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The folly of speculative domain squatting

Anytime there's a new name in the news, speculators rush in and try to grab relevant domain names - in hopes of the big bucks. From the NY Times blog:

Last December, Mr. Fruedenberg and two friends spent $975 to buy up up 100 political domain names including 16 variations of Barack Obama and Joe Biden, the eventual Democratic ticket. When the Delaware senator was tapped by Senator Obama, Mr. Freudenberg and his friends – McCain supporters — celebrated. Then they waited and, when the Obama camp didn’t call, they put the names up on eBay with a starting bid of $100,000.

They got 10,000 views for the offering but not a single bid. More recently, they lowered the price to $1,000. Still, no takers.

But here's the thing -- the Obama campaign has already made a massive investment in BarackObama.com. Why would they shift gears? Why would they buy an obscure domain (say, ObamaBiden08.net) from a speculator - and abandon all their google rank, their branding, etc.? Not to mention the need to pay to reprint a bunch of materials.

Same for the guy who gambled on Sarah Palin:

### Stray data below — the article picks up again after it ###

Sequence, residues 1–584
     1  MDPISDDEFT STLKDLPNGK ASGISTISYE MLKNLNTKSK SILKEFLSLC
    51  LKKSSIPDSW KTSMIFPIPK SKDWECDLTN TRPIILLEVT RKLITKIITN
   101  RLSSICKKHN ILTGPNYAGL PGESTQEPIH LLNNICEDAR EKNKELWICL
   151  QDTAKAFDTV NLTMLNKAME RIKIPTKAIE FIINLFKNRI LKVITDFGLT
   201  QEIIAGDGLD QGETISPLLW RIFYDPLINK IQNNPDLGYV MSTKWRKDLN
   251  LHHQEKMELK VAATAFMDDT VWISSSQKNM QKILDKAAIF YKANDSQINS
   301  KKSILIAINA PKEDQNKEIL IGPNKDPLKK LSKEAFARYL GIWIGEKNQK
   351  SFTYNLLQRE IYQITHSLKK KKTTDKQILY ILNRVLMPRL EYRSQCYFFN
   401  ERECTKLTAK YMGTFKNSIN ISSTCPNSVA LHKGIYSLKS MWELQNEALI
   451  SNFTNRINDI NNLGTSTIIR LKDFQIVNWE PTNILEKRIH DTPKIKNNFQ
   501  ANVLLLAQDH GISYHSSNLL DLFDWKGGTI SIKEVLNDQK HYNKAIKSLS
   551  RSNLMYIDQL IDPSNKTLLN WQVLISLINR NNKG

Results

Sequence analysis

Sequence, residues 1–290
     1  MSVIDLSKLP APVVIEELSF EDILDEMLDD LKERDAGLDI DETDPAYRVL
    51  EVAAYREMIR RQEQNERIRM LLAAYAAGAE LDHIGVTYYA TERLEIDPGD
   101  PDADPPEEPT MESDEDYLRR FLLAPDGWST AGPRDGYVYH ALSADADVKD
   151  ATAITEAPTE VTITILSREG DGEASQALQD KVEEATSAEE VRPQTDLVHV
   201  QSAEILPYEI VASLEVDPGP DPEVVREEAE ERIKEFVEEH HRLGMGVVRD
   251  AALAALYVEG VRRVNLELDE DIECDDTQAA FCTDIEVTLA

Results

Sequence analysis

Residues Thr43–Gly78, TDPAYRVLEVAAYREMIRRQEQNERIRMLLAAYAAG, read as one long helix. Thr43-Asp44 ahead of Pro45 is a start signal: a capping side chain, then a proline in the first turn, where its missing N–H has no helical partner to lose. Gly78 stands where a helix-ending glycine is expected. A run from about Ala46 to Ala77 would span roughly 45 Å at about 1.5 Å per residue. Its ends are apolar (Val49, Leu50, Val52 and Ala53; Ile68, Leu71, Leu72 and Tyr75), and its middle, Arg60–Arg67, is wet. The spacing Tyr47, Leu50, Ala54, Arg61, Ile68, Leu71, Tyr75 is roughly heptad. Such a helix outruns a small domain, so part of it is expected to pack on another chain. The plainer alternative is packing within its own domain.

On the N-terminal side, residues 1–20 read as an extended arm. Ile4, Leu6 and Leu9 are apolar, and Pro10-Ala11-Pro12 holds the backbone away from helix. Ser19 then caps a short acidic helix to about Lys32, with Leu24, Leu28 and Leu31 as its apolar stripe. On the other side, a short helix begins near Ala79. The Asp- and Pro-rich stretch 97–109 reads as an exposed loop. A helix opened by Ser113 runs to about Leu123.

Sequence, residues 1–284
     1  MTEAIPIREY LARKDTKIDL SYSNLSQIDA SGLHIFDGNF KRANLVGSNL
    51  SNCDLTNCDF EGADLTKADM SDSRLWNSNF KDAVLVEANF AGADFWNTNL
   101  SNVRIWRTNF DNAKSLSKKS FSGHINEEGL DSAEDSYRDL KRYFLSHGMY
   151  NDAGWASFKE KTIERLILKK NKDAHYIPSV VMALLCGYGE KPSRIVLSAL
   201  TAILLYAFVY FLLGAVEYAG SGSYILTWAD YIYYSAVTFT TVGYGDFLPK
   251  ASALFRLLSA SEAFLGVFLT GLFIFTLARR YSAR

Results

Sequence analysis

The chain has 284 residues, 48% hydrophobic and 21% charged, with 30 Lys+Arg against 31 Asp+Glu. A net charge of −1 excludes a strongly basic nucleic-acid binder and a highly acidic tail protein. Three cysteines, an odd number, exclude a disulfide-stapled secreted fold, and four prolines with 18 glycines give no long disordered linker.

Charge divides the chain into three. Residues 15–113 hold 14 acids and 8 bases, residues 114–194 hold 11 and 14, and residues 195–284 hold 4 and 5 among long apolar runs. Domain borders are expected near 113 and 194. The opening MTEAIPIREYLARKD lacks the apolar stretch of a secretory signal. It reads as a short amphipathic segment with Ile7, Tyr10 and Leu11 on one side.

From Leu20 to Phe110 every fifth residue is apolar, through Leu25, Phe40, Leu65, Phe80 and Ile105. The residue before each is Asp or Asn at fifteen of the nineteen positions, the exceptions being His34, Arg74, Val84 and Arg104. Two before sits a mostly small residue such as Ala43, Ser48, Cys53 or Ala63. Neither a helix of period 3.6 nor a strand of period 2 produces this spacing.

Way, way back in February [Paul Pilger] had done some amateur political analysis and decided that Alaska Gov. Sarah Palin was a good fit for the then-Republican nominee-in-waiting. So he hopped online and registered McCainPalin2008.com. Also, he snapped up McCain-Palin2008.com and McCain-Palin08.com as well as the dot-org, dot-net and dot-info versions of all three constructions. After the Aug. 29 announcement, Mr. Pilger assumed he had something the McCain campaign would want. “I’m actually surprised that nobody from the campaign has contacted me or even a third-party person,” said Mr. Pilger, 41, a McCain supporter who works for a software manufacturer.

The only domain variation that's an obvious pick-up with high value is the plain-vanilla firstname-lastname combo of the candidate. From the NY Times blog, featuring yours truly:

Still, Mr. Chisholm was surprised that it appears GovernorPalin does not own her own name, SarahPalin.com. If she did, he reasoned, going to SarahPalin.com would bounce visitors to JohnMcCain.com, much as JoeBiden.com now redirects to BarackObama.com. Instead, SarahPalin.com visitors find a blank page with an error message. “It’s very surprising and it doesn’t say good things about the competence of her staff,” Mr. Chisholm said. “You should always have the domain that is your own name no matter how low a public official you are because that’s the best one, the most recognizable. And you should grab all variations. I’m working with Jeff Merkley, who is running for Senate in Oregon. People consistently misspell his last name. We tried to capture all of them and redirect them back to the main site.” The McCain campaign did not return calls seeking comment.

It is somewhat astonishing that Sarah Palin doesn't own SarahPalin.com. That's a no-brainer. (But then, maybe she's been getting internet tutoring from her state's senior senator.)

Posted on September 14, 2008 in news media, strategic issues, marketing, search engine strategy | See full archives